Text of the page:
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Messages - arcanej

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That makes Neil Young's Pono player ($399) seem like a bargain...

FWIW, the Nikonistas seem well aware that mothership Nikon has adopted DO.

PF ... silly how Nikon spells DO ...
Diffractive optical and fluorite elements, electromagnetic diaphragm ... it seams that Nikon is finally catching up with Canon in lens techology after so many years ...
But seriously this new lens looks very handy, and due to DO (PF) it is exceptionally small and light (though low weight is probably due to use of plastic also).
Nikon PF also seams different than Canon DO, they provide similar benefits but Nikon is using one meniscus lens glued to diffractive element while Canon uses two diffractive elements.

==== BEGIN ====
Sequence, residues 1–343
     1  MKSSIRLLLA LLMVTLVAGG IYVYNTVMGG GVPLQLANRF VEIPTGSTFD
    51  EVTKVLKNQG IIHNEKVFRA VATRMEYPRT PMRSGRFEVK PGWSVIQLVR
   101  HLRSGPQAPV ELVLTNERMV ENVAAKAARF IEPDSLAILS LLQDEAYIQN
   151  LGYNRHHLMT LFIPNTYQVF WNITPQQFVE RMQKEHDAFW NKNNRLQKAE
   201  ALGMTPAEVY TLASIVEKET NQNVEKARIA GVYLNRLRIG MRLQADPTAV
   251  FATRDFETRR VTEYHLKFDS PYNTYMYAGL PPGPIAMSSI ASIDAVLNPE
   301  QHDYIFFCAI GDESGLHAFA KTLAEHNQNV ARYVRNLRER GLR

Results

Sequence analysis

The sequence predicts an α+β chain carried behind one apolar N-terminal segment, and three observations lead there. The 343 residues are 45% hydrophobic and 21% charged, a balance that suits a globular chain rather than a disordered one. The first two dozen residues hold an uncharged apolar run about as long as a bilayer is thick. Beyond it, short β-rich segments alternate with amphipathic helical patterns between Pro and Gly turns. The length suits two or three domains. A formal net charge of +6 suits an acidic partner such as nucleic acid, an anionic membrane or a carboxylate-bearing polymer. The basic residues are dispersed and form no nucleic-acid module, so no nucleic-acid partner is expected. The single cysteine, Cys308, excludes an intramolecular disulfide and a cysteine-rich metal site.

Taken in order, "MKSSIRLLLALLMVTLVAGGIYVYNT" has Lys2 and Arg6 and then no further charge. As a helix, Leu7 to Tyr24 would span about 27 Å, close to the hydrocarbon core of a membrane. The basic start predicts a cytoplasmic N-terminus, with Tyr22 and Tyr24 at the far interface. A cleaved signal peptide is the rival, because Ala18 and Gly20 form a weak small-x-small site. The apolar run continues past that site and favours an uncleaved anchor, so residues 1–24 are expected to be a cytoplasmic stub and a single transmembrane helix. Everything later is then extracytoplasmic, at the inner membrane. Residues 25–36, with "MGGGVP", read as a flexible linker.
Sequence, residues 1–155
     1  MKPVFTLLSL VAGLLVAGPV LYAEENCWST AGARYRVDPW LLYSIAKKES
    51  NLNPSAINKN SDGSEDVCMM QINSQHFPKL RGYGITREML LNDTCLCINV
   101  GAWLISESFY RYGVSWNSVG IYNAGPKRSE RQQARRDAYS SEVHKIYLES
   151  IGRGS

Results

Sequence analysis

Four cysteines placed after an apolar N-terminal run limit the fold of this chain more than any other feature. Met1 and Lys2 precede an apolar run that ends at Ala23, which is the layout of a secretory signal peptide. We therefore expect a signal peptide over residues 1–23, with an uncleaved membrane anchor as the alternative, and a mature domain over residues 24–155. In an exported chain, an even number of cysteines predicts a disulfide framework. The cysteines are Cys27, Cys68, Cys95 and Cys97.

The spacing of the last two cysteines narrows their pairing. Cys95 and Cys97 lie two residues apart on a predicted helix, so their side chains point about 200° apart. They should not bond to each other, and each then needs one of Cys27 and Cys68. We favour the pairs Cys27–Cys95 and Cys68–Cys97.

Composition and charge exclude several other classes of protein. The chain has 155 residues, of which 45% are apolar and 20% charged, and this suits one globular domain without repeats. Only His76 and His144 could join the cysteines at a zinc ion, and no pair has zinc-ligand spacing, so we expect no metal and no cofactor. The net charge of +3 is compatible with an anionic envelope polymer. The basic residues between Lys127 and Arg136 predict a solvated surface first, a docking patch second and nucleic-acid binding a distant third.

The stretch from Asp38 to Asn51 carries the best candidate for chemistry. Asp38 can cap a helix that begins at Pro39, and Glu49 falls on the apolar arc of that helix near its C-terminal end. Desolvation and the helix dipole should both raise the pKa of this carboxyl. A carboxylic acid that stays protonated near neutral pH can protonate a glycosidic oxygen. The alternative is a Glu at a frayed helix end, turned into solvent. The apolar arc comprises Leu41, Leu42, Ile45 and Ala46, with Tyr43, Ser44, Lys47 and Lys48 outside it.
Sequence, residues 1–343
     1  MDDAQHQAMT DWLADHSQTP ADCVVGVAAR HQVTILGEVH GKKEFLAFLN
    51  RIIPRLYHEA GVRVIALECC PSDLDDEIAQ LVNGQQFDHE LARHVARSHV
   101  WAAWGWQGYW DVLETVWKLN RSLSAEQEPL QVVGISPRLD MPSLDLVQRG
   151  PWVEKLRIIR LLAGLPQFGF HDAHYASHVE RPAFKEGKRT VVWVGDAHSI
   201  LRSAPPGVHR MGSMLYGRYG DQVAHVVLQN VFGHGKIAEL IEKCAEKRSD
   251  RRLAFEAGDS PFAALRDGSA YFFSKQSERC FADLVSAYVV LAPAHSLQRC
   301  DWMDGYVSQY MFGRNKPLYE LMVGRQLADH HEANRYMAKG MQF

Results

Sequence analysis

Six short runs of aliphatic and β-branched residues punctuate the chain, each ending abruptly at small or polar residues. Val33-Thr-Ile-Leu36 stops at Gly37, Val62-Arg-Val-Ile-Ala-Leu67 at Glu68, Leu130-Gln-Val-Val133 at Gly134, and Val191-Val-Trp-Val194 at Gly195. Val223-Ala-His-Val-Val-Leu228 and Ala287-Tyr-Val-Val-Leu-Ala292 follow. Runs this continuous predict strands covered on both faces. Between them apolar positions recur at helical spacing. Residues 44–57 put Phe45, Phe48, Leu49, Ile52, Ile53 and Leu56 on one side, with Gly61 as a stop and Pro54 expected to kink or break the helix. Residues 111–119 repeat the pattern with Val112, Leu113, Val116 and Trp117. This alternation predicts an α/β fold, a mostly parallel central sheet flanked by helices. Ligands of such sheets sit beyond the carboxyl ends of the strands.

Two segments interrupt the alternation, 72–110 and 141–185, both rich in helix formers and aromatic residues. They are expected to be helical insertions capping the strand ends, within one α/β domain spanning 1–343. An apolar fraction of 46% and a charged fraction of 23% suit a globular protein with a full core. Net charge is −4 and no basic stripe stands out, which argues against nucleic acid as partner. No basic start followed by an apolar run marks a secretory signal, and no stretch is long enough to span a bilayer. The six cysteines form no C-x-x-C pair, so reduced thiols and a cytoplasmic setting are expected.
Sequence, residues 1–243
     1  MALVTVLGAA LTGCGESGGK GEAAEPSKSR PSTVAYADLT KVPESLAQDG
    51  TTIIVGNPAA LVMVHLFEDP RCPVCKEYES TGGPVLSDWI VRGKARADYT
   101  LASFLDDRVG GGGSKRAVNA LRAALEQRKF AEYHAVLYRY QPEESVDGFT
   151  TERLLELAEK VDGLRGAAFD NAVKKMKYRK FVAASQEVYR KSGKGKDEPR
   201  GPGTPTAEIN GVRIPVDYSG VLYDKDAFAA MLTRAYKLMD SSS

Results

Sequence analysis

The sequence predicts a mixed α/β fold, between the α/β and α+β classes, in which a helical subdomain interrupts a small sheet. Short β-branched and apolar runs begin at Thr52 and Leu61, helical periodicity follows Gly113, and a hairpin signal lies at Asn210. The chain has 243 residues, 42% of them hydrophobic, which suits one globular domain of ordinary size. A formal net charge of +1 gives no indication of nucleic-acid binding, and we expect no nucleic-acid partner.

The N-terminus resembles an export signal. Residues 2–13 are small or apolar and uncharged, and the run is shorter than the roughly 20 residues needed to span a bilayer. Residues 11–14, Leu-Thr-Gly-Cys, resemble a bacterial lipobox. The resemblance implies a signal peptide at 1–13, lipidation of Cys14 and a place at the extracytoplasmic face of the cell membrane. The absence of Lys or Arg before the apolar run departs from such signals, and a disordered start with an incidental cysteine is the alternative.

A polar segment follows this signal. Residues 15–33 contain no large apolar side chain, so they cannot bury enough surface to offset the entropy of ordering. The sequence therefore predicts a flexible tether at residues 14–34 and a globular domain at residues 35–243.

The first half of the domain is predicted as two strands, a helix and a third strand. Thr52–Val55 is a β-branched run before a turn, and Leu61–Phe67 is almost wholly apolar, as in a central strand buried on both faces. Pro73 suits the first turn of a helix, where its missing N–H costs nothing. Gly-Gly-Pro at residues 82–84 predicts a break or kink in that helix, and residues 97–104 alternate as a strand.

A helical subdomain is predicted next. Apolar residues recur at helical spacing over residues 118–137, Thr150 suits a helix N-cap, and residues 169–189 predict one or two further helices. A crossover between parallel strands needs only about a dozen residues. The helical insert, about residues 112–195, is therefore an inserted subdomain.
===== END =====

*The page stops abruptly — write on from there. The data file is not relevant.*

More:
I just hope that bokeh will be better than Canon 400mm DO that I dont like very much... in that case this lens would be really great ...
By the way separate tripod collar now makes perfect sense, it is compatible with 70-200mm f/4 so you can use it interchangeably and those two lenses would make really fantastic and light travel combo ...

Third Party Manufacturers / Re: Is Leica really worth it?
« on: January 02, 2015, 03:48:57 PM »
How can the photographer do the right framework in Macro, through a rangefinder with parallax error?

Again, how to make a correct framework using ultra wide 15mm lens? Is there an optional display that covers the same angle of view?

1) see the macro-kit. It has optics that go over the range-finder.
Also, the M240 has an EVF.

2) there are two options.
-The M240 has an EVF.
-For M9 and earlier cameras, you can just buy a line finder to go on your flash shoe.

Third Party Manufacturers / Re: Is Leica really worth it?
« on: January 02, 2015, 03:12:45 PM »
Also Monochrom creates really good images because of the lack of the bayer filter.

It really does! Even Roger Cicala likes it although he says he has difficulty using rangefinders.